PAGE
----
For a doctor to provide adequate treatment to everyone, regardless of race, gender, or class, they need the cultural competence to understand these differences. Unfortunately, that often isn’t the case.
The lack of cultural competence can lead to misdiagnosis, insufficient treatment, and more negative experiences with health care. In fact, African Americans are less likely to be offered medication or therapy compared to white patients with the same illness.
Resilience Strategies and Striving for Equality in Mental Health
Overcoming entrenched bias in the health care system and changing cultural norms around mental health will take time. But changes are coming, thanks to recognition within both African American communities, and the health care system, that more needs to be done.
Black men and women ranging in age from 25-72 are speaking out about their experiences of mental illness. And mental health care providers are offering more cultural competency training to tackle inadequate care.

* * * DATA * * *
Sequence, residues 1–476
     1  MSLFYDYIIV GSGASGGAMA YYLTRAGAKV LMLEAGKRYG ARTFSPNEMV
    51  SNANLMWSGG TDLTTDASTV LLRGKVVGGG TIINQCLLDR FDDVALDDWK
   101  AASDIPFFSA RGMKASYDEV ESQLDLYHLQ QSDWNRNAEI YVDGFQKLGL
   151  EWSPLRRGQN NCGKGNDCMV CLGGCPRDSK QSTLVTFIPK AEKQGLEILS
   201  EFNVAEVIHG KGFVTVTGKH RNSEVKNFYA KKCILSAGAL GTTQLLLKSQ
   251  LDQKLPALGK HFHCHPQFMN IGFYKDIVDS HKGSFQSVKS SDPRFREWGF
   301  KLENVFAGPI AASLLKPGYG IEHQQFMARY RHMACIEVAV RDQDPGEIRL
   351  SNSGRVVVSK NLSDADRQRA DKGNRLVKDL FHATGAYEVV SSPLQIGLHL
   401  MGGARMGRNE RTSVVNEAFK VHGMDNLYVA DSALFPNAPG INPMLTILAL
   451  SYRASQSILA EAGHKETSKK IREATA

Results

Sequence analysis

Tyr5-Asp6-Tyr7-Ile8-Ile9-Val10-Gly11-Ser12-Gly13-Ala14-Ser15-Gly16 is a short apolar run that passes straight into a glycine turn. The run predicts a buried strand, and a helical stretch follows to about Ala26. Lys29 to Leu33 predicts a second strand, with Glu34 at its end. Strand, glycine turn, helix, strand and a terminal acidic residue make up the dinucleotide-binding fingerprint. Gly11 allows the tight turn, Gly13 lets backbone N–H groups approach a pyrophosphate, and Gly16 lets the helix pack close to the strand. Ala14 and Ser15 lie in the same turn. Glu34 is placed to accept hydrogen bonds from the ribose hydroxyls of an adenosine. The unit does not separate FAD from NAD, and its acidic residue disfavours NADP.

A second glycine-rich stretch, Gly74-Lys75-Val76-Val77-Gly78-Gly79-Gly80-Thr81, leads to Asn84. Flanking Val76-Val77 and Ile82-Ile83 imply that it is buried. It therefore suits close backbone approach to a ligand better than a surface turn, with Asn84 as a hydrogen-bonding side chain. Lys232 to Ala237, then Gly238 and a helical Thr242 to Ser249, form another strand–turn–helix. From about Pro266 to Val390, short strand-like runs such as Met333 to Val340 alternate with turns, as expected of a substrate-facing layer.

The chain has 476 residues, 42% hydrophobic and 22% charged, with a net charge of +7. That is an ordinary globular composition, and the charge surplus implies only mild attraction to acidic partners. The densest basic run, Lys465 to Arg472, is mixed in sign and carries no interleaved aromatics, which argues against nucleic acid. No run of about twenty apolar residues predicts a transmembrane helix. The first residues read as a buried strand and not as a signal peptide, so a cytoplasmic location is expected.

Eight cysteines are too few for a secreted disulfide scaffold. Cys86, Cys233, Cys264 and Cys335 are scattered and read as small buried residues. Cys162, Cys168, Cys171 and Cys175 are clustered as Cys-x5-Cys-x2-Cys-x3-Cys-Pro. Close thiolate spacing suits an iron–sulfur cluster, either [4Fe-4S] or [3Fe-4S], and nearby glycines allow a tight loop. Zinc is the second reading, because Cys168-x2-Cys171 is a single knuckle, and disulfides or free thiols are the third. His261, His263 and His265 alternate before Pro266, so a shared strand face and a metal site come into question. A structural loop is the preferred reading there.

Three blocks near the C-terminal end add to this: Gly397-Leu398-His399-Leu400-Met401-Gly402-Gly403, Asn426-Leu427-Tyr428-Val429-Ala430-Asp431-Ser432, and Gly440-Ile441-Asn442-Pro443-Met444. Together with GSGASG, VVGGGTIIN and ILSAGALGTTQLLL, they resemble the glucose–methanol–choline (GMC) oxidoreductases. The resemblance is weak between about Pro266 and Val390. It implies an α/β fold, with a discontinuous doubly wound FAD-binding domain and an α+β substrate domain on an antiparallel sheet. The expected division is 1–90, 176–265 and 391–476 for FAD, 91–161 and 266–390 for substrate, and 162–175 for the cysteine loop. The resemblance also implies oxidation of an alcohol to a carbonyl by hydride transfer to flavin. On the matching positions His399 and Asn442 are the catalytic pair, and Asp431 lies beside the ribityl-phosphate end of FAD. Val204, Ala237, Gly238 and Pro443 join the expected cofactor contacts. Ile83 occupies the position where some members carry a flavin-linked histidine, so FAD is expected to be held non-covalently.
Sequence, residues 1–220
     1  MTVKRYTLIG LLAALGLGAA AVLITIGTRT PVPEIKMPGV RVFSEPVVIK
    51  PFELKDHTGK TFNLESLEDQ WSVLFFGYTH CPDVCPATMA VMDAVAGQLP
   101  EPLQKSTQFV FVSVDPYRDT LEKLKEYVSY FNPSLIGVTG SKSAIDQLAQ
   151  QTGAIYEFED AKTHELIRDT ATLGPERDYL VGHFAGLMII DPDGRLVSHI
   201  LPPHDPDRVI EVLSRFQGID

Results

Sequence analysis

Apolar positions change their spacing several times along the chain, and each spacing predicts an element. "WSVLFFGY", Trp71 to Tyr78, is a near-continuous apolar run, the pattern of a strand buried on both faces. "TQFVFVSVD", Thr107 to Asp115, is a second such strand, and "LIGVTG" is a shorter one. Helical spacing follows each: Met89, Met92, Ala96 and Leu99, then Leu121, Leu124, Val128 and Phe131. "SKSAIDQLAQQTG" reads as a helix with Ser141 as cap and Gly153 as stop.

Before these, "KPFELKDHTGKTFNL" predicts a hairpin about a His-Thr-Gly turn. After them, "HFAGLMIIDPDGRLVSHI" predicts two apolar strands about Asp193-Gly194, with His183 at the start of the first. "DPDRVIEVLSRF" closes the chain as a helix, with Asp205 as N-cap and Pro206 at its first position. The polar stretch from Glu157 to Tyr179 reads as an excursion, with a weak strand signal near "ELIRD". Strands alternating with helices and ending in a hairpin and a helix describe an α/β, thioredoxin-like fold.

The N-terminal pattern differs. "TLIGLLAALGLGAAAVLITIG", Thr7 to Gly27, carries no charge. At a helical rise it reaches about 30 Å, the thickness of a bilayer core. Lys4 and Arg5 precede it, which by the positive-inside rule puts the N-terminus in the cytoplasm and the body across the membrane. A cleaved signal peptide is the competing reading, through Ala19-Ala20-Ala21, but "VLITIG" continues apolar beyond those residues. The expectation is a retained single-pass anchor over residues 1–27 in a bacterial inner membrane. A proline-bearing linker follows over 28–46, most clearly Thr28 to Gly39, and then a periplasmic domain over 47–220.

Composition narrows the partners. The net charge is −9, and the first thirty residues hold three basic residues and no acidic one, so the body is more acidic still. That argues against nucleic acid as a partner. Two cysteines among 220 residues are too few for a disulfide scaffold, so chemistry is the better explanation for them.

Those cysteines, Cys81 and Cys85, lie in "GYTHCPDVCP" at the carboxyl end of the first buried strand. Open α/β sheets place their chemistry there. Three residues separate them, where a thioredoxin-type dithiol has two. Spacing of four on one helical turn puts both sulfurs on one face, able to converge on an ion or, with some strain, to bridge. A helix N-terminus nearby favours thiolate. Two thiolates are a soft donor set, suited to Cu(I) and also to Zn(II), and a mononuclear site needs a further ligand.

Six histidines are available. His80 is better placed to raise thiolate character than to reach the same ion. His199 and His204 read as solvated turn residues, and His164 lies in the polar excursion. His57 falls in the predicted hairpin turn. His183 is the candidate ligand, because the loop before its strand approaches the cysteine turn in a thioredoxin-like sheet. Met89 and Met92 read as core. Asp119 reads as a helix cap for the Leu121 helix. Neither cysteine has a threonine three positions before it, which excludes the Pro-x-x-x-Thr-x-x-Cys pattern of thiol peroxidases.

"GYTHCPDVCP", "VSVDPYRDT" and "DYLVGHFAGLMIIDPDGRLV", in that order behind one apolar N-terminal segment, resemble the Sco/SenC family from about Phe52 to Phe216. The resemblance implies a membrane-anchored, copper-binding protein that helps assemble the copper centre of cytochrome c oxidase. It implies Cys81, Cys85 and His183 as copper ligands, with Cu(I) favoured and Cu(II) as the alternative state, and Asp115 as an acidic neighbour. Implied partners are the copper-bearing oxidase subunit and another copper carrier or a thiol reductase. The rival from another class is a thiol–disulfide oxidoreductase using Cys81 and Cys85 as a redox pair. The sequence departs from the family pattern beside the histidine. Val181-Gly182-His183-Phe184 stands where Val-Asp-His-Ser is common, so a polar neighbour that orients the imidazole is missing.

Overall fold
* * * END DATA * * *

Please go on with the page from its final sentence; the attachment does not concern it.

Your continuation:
So in honor of those who have come before us like Martin Luther King Jr., let’s remember how far we’ve come. But let’s recognize how far we must go to resolve systemic injustices that African Americans still experience to this day – especially when it comes to virtual mental health care.
Reliable Virtual Mental Health Care for African-Americans
ChatOwl’s virtual app can ensure you can capture powerful moments of peace and alleviate mental health anxieties and concerns, helping you feel better much more quickly and affordably with 24-hour accessibility.